"Vocal ensemble is pitch-perfect, with panache"
Review by D.S. Crafts
The Albuquerque Journal
May 27, 2011
The a cappella vocal group Polyphony: Voices of New Mexico
prides itself that all its members are residents of the Land
of Enchantment. Indeed, from the concert given on Sunday, hosted
by the Placitas Arts Series, there is certainly no need for
I had not heard the group sing before, but certainly I will
make every effort to hear it again. The ensemble boasts a unified
blend of voices top to bottom with impeccable intonation.
But what most impressed me was the enthusiasm and vivacity
with which the group sang. There is a great sense of camaraderie
and surely no shrinking violet voices here. Founded in 2006,
Polyphony carries as many as 35 singers. A somewhat smaller
group sang at the Las Placitas Presbyterian Church.
Maxine Thévenot directs the chorus. In addition to
her many achievements she also is the Organist and Director
of Cathedral music at the Cathedral Church of St. John. She
elicits huge and brilliant sounds with a minimum of conducting
movement – the mark of one who has the utmost confidence
in her singers.
The afternoon began with “Kua Rongo,”a traditional
Maori (Native New Zealand) welcome song, which the group chanted
as it proceeded up the main aisle to the stage. The singers
were dressed in black with each individual ornamented in a
colorful scarf or tie. From then on the program offered a heavy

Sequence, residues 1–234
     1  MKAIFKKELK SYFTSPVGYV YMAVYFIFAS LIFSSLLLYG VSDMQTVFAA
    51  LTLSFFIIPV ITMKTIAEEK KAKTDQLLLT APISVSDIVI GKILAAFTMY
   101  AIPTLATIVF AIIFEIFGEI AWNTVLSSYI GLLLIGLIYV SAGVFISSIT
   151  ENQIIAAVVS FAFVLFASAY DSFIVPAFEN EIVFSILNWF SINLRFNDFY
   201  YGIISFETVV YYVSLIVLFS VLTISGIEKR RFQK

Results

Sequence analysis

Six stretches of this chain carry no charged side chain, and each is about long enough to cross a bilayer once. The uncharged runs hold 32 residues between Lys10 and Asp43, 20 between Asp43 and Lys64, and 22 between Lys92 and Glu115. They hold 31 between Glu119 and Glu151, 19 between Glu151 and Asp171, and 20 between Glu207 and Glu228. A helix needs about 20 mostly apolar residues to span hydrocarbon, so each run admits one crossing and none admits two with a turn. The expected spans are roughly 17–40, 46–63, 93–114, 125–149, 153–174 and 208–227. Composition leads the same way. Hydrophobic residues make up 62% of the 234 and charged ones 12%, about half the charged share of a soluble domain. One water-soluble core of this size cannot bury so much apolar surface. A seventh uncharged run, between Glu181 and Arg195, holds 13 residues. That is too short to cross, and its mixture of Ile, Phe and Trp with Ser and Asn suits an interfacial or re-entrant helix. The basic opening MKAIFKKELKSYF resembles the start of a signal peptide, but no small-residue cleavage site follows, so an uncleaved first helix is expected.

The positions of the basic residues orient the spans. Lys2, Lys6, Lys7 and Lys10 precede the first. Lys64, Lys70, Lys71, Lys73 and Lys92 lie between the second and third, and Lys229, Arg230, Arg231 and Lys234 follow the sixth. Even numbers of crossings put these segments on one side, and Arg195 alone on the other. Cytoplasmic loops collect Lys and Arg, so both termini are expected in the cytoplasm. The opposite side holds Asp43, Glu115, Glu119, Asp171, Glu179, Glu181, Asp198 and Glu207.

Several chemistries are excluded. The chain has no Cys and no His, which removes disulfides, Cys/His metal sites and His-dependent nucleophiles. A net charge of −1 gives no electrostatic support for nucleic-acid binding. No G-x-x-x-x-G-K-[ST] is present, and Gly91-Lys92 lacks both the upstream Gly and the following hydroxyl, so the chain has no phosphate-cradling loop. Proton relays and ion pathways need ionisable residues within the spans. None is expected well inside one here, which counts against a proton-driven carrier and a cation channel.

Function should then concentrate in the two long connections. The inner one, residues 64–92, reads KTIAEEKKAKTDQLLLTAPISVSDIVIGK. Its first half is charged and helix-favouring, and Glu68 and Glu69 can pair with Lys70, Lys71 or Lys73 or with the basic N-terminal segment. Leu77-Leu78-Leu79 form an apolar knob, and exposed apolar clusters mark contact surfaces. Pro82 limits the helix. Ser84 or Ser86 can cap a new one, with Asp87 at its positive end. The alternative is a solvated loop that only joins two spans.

emphasis on the English/Irish pastoral tradition, more acclaimed
for its art than its music, yet there is much of great beauty
here as the selection amply demonstrated.
In addition to the more well-known composers such as Holst,
Elgar and Vaughan Williams, the secondary figures of this turn-of-the-century
school still enjoy an active performance life in the British
Isles particularly. Frank Bridge (a teacher of Benjamin Britten)
was represented by two disparate songs. The amusing and playful “The
Bee”preceded a very touching setting of Shelley’s
famous poem “Music, when soft voices die,”using
chromaticism to reflect emotional depth.
Edward Elgar’s ardent “As Torrents in Summer”brought
a luxurious sonority. Two “bird”entries by C.V.
Stanford completed the earlier begun “birds and bees”metaphor
with “The Swallow,”and “The Blue Bird,”a
very moving and atmospheric song that also featured excellent
A quick trip east opened the second half with Paranjoti’s “Dravidian
Dithyramb,”based in Middle Eastern scales. Vaughan Williams’setting
of Desdemona’s “Willow Song”from “Othello”fully
exploited the rich, sonorous blend of Polyphony as it traversed
the flush and characteristic harmonies of the style. Here,
quite imaginatively, Vaughan Williams sets in duple time a
verse essentially in beats of three.
Two American spirituals completed the afternoon, most impressively,
a haunting rendition of “Steal Away.”
By all means expect to hear much more in future from this
outstanding young ensemble.
Polyphony will perform Henry Mollicone's Beatitude Mass for
the Homeless at 6 p.m. June 18 at the Cathedral Church of St.
John. It benefits the Barrett House women's and children's